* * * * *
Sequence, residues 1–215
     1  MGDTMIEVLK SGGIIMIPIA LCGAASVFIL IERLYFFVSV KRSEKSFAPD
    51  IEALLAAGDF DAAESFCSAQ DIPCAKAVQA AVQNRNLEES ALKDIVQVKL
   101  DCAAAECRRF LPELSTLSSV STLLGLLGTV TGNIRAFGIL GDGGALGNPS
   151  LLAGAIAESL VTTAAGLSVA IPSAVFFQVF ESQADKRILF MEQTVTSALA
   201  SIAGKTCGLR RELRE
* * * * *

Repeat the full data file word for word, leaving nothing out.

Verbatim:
Sequence, residues 1–215
     1  MGDTMIEVLK SGGIIMIPIA LCGAASVFIL IERLYFFVSV KRSEKSFAPD
    51  IEALLAAGDF DAAESFCSAQ DIPCAKAVQA AVQNRNLEES ALKDIVQVKL
   101  DCAAAECRRF LPELSTLSSV STLLGLLGTV TGNIRAFGIL GDGGALGNPS
   151  LLAGAIAESL VTTAAGLSVA IPSAVFFQVF ESQADKRILF MEQTVTSALA
   201  SIAGKTCGLR RELRE